After a poor start and just a draw in a game against a Finnish ship, we followed up with two wins and began to draw attention. The attention was mostly due to the speed with which we necked the beer between matches and during half-time breaks. There were over 30 ships taking part and each would play five games against randomly drawn opposition. We won the next game and we were elevated to a kind of celebrity status. People were amazed at how we were seemingly pissed as parrots by the last game, yet tournament leaders.
The last game was against the only team who could beat us, a Romanian ship which had 3 wins and a loss. We were one point ahead of them and only needed a draw. By half-time we were 2-0 down and started arguing with each other as we had our half-time cans. A few punches were thrown but it was handbags at ten paces and we settled down for the second half. I think we must have unsettled them because we came back to draw 2-2 and I scored the equaliser (my only goal of the tournament).
So back to Israel. As we approached the port of Haifa the radio officer organised a match for the next day. Due to our unbeaten status and tournament winners, he said "Good standard of play". Big mistake.... huge! We tied up in the evening and the following morning a coach arrived to take us to the venue. Looking at the countryside from the coach I was a little worried about the state the pitch would be in. I'd played before in Peru on sandstone and it was in similar terrain.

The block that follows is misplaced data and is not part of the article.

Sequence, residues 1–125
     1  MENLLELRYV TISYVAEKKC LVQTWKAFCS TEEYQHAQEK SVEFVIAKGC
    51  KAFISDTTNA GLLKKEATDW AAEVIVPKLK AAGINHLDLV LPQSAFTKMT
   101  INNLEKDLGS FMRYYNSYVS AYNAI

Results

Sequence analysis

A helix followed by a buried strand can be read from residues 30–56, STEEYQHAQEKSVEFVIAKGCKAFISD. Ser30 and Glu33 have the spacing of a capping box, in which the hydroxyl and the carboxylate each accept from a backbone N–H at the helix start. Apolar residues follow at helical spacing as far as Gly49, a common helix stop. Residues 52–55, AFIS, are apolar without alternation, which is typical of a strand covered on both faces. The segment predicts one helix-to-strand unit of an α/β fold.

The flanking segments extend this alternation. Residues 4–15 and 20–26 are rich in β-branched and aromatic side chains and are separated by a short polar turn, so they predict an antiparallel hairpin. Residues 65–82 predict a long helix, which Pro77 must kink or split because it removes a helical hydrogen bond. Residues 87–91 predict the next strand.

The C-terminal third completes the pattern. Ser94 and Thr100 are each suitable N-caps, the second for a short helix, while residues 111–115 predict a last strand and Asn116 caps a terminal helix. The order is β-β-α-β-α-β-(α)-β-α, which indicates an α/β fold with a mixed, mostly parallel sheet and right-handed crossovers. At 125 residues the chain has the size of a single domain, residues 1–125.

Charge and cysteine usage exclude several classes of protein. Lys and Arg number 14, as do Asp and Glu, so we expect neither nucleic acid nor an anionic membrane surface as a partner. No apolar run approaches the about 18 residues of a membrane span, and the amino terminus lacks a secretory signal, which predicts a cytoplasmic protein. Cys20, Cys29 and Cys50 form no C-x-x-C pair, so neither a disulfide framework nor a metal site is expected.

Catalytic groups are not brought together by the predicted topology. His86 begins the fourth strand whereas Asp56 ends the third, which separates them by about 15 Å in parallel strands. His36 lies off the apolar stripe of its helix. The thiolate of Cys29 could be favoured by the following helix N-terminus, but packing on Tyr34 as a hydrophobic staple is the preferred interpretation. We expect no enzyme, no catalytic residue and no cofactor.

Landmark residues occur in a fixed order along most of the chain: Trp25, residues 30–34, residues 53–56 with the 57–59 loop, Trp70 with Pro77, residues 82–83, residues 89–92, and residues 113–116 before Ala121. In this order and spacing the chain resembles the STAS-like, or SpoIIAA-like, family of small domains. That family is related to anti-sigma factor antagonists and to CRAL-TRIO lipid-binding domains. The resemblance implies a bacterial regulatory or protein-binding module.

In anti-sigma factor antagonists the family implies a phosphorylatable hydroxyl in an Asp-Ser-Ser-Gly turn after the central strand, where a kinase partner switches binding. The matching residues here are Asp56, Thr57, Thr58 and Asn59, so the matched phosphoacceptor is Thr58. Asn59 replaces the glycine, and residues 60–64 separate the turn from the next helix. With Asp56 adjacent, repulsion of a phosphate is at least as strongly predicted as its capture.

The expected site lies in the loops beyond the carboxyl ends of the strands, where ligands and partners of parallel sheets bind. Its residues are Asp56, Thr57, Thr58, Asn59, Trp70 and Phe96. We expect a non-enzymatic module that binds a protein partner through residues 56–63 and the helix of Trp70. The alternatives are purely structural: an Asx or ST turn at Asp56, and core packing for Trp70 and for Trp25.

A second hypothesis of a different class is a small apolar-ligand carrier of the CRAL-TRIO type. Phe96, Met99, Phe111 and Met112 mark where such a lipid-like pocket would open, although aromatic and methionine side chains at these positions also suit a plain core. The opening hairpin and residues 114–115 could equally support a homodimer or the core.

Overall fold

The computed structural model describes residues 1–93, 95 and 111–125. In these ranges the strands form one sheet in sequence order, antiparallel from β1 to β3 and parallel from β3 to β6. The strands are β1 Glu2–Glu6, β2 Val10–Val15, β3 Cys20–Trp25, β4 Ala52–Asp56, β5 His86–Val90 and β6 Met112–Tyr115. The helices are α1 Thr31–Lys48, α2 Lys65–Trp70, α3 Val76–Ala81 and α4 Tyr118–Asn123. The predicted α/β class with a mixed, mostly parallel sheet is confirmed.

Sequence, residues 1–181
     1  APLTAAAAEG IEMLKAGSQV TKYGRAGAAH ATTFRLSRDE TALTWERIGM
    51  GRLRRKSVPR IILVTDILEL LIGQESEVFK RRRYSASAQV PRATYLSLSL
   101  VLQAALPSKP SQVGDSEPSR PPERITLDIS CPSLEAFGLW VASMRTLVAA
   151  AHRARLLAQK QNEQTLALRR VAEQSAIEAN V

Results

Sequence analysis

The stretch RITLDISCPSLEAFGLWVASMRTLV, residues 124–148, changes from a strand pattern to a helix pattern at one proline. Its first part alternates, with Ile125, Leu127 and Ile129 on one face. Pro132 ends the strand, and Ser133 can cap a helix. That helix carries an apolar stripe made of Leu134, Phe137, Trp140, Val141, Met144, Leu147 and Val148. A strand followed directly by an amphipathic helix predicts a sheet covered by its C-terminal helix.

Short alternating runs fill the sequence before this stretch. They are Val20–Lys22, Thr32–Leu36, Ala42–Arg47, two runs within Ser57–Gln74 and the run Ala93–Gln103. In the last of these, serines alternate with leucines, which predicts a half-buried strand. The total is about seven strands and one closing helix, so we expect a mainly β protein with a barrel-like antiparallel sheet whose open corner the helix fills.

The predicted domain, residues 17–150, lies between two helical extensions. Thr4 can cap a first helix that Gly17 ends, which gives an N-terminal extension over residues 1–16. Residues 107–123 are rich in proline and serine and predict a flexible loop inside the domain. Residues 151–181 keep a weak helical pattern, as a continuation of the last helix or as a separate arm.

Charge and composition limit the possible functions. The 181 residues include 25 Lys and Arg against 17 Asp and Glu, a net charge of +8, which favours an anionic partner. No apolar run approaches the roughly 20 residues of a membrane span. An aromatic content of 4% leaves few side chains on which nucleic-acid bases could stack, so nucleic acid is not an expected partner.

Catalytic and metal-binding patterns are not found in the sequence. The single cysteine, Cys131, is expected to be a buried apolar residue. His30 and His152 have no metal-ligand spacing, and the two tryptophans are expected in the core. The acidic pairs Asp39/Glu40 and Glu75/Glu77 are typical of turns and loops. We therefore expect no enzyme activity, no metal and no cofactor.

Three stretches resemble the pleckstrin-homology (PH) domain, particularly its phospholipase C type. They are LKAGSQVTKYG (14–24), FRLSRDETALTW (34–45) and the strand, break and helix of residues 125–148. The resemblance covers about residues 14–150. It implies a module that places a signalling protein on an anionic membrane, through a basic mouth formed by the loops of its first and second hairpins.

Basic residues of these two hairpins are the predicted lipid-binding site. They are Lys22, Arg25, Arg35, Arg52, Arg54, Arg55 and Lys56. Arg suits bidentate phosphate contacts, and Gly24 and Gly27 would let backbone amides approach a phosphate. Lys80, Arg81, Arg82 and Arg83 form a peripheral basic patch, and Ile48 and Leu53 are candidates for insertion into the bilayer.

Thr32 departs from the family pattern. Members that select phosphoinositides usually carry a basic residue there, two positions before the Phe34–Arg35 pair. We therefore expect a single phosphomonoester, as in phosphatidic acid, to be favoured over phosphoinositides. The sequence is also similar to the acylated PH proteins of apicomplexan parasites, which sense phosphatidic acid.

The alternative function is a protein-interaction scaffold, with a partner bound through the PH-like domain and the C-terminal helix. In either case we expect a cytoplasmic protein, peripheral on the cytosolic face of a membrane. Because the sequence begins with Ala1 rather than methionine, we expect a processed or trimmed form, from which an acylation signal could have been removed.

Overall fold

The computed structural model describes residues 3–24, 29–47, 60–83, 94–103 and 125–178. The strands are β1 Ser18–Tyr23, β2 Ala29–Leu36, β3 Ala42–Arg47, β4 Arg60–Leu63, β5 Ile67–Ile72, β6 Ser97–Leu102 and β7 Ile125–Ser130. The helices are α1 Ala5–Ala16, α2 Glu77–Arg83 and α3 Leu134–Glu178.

When the coach stopped at the huge stadium we were a little puzzled. We had only played on Sunday League pictures and here we were in a huge stadium. It was kind of spooky because there were only about 30 police in the stadium, apparently there to practice crowd control drills. The opposition gave us a little heart when we saw them, they were just kids..... youths, Israeli national youth team youths. Needless to say, they annihilated us.